The CMS has signed off on California's Medicaid waiver, along with its decision to renew extra funding that supports the state's public safety net hospitals for only one year instead of five.
As part of the waiver, the state will receive $6.2 billion to sustain efforts to reform its Medicaid program under a massive transformation waiver that expired on Oct. 31.
The new waiver also includes $3.3 billion to help public safety net hospitals launch and maintain delivery-system reforms, including infrastructure development, system redesign, and improvements targeting clinical outcomes and population health. The funding to help those hospitals shoulder the burden of uncompensated care was renewed for only one year instead of five like the other provisions.
After the first year, the CMS will reconsider funding levels based on two reports. The first report, due May 15, will focus on uncompensated care delivered at public hospitals. The second, due June 1, 2017, will focus on uncompensated care, provider payments and financing.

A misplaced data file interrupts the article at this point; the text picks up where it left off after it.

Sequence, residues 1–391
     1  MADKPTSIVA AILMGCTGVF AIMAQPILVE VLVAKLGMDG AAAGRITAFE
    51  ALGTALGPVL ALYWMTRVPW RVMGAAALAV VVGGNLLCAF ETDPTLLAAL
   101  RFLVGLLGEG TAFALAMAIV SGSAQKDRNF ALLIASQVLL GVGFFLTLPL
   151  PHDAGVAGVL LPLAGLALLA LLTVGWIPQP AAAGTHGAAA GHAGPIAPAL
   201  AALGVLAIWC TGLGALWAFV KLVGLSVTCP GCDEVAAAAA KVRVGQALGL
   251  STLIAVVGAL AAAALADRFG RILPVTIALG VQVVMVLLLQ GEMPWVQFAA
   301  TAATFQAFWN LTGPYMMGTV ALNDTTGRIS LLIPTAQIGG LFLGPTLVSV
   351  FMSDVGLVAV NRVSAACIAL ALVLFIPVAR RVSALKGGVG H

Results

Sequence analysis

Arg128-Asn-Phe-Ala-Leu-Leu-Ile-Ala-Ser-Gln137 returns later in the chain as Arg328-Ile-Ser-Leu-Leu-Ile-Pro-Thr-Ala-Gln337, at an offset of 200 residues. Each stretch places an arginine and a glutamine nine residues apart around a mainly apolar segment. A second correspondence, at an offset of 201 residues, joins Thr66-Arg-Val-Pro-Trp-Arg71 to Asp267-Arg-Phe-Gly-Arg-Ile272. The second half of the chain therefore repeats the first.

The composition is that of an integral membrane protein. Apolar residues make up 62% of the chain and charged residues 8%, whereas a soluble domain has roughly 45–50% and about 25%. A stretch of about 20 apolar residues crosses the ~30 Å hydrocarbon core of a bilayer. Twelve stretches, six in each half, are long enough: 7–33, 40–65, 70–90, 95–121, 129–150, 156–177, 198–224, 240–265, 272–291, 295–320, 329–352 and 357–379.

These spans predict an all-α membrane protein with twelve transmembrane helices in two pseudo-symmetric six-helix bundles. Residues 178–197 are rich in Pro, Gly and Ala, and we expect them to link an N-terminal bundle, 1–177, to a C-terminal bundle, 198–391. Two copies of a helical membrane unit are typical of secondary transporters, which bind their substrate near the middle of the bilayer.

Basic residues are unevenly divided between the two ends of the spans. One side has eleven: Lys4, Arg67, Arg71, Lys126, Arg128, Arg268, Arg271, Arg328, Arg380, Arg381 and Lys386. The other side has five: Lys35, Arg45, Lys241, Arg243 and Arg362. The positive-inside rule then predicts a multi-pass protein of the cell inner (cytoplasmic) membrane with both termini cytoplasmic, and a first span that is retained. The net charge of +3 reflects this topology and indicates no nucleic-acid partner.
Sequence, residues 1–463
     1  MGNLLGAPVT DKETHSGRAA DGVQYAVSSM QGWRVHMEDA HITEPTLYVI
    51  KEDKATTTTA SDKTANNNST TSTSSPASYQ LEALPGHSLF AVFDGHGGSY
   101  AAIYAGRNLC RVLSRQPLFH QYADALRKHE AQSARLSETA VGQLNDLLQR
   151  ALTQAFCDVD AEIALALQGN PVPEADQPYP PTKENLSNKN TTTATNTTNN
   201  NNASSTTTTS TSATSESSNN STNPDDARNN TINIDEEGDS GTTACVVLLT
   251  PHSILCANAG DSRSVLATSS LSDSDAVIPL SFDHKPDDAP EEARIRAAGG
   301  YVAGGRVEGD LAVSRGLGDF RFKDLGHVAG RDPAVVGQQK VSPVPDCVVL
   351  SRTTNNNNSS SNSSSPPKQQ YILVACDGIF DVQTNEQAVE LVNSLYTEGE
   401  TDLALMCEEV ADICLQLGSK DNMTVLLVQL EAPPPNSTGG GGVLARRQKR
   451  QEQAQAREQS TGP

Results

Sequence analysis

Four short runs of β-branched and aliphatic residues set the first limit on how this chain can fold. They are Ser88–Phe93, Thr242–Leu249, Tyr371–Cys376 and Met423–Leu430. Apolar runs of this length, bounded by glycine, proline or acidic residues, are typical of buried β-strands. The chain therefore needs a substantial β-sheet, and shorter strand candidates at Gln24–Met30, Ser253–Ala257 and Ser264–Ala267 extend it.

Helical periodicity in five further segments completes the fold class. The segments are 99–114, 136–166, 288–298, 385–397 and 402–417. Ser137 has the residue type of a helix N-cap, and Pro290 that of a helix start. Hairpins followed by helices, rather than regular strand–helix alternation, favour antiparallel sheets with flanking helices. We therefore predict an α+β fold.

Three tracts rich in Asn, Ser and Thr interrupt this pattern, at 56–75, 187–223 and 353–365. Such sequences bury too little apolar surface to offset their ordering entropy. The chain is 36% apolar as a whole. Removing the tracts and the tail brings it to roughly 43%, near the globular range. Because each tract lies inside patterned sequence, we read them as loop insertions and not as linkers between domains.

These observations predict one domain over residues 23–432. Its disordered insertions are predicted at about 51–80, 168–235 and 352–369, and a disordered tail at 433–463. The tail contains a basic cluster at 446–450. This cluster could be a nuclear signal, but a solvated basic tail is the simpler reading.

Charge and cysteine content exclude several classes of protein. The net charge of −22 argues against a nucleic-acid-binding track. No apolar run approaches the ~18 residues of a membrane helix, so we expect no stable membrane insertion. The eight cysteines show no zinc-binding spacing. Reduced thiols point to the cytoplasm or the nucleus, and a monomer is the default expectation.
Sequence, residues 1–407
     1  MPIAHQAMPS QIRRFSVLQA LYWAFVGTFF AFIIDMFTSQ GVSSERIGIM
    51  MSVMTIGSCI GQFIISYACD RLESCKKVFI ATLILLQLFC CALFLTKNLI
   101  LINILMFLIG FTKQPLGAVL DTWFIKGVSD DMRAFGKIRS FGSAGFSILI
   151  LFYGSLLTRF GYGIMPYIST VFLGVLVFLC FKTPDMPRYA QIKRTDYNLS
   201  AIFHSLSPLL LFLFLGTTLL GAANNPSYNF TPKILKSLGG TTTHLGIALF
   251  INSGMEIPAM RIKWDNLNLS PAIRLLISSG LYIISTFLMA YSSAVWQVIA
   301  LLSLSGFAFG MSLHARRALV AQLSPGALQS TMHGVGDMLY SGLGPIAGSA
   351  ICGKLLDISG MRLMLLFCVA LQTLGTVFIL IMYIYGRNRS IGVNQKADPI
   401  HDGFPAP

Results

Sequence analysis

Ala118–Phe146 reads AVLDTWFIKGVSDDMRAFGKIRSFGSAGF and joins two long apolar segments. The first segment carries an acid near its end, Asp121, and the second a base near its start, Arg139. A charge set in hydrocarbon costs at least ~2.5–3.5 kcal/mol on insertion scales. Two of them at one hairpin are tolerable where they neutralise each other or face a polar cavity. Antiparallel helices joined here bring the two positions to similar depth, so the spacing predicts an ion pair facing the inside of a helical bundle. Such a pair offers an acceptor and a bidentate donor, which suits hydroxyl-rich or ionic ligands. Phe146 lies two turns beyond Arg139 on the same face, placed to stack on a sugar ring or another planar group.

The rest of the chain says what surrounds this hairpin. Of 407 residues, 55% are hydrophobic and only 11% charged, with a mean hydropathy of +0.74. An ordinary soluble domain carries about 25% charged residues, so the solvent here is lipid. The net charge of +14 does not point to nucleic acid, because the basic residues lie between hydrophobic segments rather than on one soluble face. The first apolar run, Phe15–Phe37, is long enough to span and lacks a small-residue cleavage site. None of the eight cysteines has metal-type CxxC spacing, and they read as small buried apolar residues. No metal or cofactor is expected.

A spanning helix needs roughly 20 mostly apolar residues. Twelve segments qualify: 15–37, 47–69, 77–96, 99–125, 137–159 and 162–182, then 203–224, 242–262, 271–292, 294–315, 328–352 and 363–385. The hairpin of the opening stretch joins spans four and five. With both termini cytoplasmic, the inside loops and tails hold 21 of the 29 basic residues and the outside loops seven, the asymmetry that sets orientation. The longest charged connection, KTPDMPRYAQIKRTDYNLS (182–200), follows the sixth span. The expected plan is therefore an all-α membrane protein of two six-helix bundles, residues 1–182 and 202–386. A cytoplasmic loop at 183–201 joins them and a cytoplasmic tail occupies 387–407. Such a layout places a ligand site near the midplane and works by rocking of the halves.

California is among nine states with federally funded uncompensated-care pools. Last year, the pools were the subject of a public feud between the Obama administration and Florida Gov. Rick Scott and Texas Gov. Greg Abbott, who accused the administration of holding the funding hostage to force the states to expand Medicaid.
The CMS rebuffed that interpretation, but the administration did question why the federal government should subsidize care for uninsured Americans who would be covered if their states expanded Medicaid eligibility.
The agency echoed that position in a letter to California's Medicaid director, explaining that the independent analysis of the safety net pool should assess why some Californians remain uninsured. “Coverage is the best way to ensure beneficiary access to healthcare for low-income individuals, and uncompensated-care pool funding should not pay for costs that would otherwise be covered in a Medicaid expansion,” CMS Medicaid Director Vikki Wachino wrote last fall.